Skip to main content

Social Justice Lunchbox Speaker describes the Effects of Adverse Childhood Events

November 14, 2017 - Cristen Conley

Jenny Moore

Dr. Andrew Hsi of the Institute for Health, Resilience, and Justice at the UNM Health Sciences Center spoke during a Social Justice Lunchbox event on November 8th about the deleterious life-long effects of Adverse Childhood Events (ACEs) and other health harming legal needs.

Some of the health needs that can be addressed by legal intervention include: food insecurity, unemployment, discrimination, poor housing or homelessness, family violence, and environmental threats.  An example given was that of a child with poorly controlled asthma who had proper medication administered properly, but who was wheezing more at home.  Upon a home visit by child health workers black mold was discovered in the Section 8 housing.  Hsi described how an attorney in this circumstance could advocate for the family to be moved to a healthier home without loss of benefits, thus resolving the acuity of the child’s asthma.

Hsi went on to introduce the study conducted by Kaiser Permanente that tracked adverse childhood events (ACEs) and their later effects on the adults responding to a lengthy questionnaire.  The events tracked ran from inappropriate sexual contact of the participants as children, to psychological abuse, to violent treatment of the mother.  The study discovered a correlation between these ACEs and “the development of health risk behaviors and disease,” culminating in as much as a 15-year shortening of the life span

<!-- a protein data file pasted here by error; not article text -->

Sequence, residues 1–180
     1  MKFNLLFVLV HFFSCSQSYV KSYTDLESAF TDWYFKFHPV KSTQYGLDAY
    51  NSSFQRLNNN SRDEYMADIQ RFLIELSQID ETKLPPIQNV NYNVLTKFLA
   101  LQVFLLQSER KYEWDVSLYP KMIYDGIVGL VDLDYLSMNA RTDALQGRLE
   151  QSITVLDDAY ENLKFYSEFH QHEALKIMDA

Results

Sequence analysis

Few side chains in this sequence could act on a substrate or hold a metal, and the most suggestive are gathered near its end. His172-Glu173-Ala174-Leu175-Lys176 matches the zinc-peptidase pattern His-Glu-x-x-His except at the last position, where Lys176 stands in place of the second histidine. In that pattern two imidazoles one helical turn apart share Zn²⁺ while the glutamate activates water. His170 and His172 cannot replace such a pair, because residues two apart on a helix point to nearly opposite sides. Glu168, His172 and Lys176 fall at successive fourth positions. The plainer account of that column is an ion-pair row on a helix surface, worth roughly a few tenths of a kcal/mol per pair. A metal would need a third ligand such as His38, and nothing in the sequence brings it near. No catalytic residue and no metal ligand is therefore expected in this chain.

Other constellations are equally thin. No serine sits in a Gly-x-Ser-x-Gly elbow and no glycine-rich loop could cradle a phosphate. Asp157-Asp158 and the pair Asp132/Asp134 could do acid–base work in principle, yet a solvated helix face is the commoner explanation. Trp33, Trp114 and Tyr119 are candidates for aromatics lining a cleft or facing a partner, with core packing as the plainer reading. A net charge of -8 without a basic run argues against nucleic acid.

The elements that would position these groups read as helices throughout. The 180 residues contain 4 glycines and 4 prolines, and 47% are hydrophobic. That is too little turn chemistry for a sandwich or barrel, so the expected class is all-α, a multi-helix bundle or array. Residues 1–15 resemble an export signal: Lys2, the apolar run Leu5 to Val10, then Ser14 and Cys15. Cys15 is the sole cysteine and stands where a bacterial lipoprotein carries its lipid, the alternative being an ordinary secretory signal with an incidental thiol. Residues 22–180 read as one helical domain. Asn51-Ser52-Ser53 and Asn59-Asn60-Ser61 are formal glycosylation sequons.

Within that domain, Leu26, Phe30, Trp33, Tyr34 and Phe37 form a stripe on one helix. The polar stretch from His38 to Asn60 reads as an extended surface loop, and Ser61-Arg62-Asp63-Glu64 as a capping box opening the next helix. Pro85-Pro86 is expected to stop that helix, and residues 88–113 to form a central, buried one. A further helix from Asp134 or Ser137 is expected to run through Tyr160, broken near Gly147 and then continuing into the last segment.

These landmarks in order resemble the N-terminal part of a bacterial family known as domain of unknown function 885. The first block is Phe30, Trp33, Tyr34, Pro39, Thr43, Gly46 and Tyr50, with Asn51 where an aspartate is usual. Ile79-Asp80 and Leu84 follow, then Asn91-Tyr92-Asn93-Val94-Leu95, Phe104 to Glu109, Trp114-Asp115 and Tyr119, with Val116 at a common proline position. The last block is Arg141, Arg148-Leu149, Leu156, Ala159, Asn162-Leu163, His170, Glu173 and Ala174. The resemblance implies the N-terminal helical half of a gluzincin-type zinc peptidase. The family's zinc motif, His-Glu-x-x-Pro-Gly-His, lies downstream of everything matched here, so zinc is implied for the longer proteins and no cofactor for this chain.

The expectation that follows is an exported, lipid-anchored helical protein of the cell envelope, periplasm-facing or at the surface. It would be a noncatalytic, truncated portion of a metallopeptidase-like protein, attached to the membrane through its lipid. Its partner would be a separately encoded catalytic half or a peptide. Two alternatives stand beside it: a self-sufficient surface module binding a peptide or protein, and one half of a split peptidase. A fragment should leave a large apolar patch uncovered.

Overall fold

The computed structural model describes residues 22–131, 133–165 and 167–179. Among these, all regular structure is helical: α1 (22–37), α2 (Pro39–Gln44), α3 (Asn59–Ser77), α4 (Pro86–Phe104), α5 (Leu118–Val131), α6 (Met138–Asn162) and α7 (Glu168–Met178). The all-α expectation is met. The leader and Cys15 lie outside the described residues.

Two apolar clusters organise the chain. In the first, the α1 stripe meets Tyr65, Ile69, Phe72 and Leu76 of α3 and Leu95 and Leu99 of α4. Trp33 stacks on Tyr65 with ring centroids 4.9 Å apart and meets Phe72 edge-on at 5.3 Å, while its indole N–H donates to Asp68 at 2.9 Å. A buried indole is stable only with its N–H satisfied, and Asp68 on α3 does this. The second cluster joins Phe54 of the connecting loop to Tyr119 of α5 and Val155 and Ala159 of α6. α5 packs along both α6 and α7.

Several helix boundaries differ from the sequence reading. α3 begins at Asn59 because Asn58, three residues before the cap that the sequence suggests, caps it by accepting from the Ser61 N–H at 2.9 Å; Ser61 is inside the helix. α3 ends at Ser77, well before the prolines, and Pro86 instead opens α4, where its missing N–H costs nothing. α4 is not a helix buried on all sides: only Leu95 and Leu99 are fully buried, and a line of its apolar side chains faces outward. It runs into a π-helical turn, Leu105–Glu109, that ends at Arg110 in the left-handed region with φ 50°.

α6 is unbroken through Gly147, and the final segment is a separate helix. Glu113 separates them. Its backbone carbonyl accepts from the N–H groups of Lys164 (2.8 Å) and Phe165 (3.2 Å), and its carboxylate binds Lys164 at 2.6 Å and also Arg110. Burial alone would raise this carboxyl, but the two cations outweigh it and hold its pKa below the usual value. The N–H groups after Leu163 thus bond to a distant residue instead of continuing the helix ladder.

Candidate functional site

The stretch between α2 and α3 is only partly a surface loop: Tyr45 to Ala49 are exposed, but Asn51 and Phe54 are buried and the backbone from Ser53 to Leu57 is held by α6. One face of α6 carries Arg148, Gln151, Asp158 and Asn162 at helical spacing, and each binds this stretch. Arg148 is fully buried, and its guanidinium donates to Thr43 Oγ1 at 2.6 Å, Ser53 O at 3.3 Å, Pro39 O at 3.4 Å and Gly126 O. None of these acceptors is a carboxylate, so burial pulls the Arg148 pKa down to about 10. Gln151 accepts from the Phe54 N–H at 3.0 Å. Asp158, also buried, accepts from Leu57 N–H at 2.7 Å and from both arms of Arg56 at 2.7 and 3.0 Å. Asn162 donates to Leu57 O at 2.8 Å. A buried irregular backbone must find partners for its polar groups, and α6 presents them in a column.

Classroom Panorama

Law student and member of the Student Health Law Association, Oksana Vivchar, said, after hearing about the poor outcomes for children in New Mexico, “I was surprised by the early use of drugs and alcohol in our state.”  Hsi informed the audience that a very high number of regular users of alcohol and cigarettes here started at the age of 10 to 11 years old.  New Mexico also has the 5th highest rate of teen pregnancy in the nation.

The Social Justice Lunchbox series is designed to introduce and explore a broad range of Social Justice issues. It is funded by a grant from the W.K. Kellogg Foundation to help improve outcomes for New Mexico’s most vulnerable children and families, and open to UNM Law Students as well as members of the public

The next program will be presented on Environmental Justice by attorneys from the New Mexico Environmental Law Center, on January 17, 2018 at noon in room 2405.

Snacks and water are provided and attendees are invited to bring their lunch.